Online Appointment Book 1.0

This calendar is a work-in-progress that when finish will allow you to use this online calendar as an online appointment book. Right now the calendar is in its early stages of development, but once done will it be pretty neat. What will make this standout is that there will be no need to download an application and the calendar will look good on a Android or Apple devices as well as the standard Personal Computer.

In order to use the appointment book function, you will need to register and be verified. To do this simply click on the Login button that is on the calendar. Right now you can make simple entries to the appointment book once you are a verified member, but enhanced features will be added in the weeks to come.

Website Creations

Hello, I'm John Pepp! I'm a web designer and developer that will make your company website or personal website shine. Websites today have to be fluid and responsive, plus a mobile first approach is the best option when it comes to designing a website. The website I design for you will look good on a smart phone, tablet or a personal computer. You will have a variety of options to choose from, such as a custom made content management system (CMS), a Calendar that can also be used as an online appointment book, blogs, forums, trivia games and more. All these options along with a professionally designed website that is designed by me.

April 25, 1983: Andropov writes to U.S. studentPosted on Saturday April 25, 2015

On this day in 1983, the Soviet Union releases a letter that Russian leader Yuri Andropov wrote to Samantha Smith, an American fifth-grader from Manchester, Maine, inviting her to visit his country. Andropov’s letter came in response to a note Smith had sent him in December 1982, asking if the Soviets were planning to start a nuclear war. At the time, the United States and Soviet Union were Cold War enemies.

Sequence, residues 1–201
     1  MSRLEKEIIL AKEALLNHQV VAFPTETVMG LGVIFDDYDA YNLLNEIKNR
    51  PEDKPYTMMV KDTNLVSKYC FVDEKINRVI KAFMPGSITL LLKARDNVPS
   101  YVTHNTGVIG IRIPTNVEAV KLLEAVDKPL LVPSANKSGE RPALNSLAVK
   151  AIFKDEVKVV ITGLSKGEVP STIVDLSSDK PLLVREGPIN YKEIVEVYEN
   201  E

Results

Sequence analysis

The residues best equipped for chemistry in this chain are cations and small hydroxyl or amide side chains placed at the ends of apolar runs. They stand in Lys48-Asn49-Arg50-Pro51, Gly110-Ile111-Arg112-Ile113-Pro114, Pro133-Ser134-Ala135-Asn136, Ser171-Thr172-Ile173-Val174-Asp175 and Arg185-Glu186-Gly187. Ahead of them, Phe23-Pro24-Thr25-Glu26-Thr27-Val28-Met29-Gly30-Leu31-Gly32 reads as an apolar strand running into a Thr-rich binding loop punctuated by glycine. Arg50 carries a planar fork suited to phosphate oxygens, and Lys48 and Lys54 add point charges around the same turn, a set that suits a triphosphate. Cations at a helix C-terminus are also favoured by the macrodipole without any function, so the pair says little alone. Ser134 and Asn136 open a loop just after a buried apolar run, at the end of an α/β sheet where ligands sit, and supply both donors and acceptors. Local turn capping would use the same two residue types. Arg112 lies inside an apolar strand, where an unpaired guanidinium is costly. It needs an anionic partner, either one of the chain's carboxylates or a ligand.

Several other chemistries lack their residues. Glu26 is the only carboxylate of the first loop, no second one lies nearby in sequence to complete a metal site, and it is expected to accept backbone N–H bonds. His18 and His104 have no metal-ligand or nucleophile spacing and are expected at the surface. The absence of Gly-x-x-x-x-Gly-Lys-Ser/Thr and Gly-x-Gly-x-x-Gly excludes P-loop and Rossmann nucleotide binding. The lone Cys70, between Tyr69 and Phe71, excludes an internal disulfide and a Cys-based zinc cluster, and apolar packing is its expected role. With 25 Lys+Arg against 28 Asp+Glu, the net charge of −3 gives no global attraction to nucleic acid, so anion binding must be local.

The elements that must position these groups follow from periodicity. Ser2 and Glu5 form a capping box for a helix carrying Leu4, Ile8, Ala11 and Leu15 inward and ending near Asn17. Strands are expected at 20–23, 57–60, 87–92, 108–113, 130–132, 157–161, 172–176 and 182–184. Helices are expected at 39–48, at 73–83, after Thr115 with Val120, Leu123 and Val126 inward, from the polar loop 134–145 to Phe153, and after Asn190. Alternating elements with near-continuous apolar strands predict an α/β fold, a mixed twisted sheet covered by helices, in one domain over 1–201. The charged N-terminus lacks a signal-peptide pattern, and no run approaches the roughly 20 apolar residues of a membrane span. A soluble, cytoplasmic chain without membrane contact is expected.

President Ronald Reagan, a passionate anti-communist, had dubbed the Soviet Union the “evil empire” and called for massive increases in U.S. defense spending to meet the perceived Soviet threat. In his public relations duel with Reagan, known as the “Great Communicator,” Andropov, who had succeeded longtime Soviet leader Leonid Brezhnev in 1982, assumed a folksy, almost grandfatherly approach that was incongruous with the negative image most Americans had of the Soviets.

Andropov’s letter said that Russian people wanted to “live in peace, to trade and cooperate with all our neighbors on the globe, no matter how close or far away they are, and, certainly, with such a great country as the United States of America.” In response to Smith’s question about whether the Soviet Union wished to prevent nuclear war, Andropov declared, “Yes, Samantha, we in the Soviet Union are endeavoring and doing everything so that there will be no war between our two countries, so that there will be no war at all on earth.” Andropov also complimented Smith, comparing her to the spunky character Becky Thatcher from “The Adventures of Tom Sawyer” by Mark Twain.

Smith, born June 29, 1972, accepted Andropov’s invitation and flew to the Soviet Union with her parents for a visit. Afterward, she became an international celebrity and peace ambassador, making speeches, writing a book and even landing a role on an American television series. In February 1984, Yuri Andropov died from kidney failure and was succeeded by Konstantin Chernenko. The following year, in August 1985, Samantha Smith died tragically in a plane crash at age 13.

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